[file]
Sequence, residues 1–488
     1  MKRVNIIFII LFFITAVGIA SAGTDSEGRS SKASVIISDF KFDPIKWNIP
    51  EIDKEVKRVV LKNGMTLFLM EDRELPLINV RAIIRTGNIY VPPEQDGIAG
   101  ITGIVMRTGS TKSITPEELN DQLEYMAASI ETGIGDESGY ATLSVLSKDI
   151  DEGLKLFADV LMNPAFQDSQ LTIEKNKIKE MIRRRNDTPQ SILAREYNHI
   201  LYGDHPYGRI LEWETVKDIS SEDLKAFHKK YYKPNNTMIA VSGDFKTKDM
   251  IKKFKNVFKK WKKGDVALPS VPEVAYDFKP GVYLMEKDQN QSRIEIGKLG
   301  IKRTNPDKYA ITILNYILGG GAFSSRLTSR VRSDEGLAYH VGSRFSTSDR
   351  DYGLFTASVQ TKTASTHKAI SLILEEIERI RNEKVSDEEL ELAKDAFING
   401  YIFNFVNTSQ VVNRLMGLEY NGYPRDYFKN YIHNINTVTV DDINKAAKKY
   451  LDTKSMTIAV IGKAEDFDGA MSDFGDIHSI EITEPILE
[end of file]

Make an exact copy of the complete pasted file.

Sequence, residues 1–488
     1  MKRVNIIFII LFFITAVGIA SAGTDSEGRS SKASVIISDF KFDPIKWNIP
    51  EIDKEVKRVV LKNGMTLFLM EDRELPLINV RAIIRTGNIY VPPEQDGIAG
   101  ITGIVMRTGS TKSITPEELN DQLEYMAASI ETGIGDESGY ATLSVLSKDI
   151  DEGLKLFADV LMNPAFQDSQ LTIEKNKIKE MIRRRNDTPQ SILAREYNHI
   201  LYGDHPYGRI LEWETVKDIS SEDLKAFHKK YYKPNNTMIA VSGDFKTKDM
   251  IKKFKNVFKK WKKGDVALPS VPEVAYDFKP GVYLMEKDQN QSRIEIGKLG
   301  IKRTNPDKYA ITILNYILGG GAFSSRLTSR VRSDEGLAYH VGSRFSTSDR
   351  DYGLFTASVQ TKTASTHKAI SLILEEIERI RNEKVSDEEL ELAKDAFING
   401  YIFNFVNTSQ VVNRLMGLEY NGYPRDYFKN YIHNINTVTV DDINKAAKKY
   451  LDTKSMTIAV IGKAEDFDGA MSDFGDIHSI EITEPILE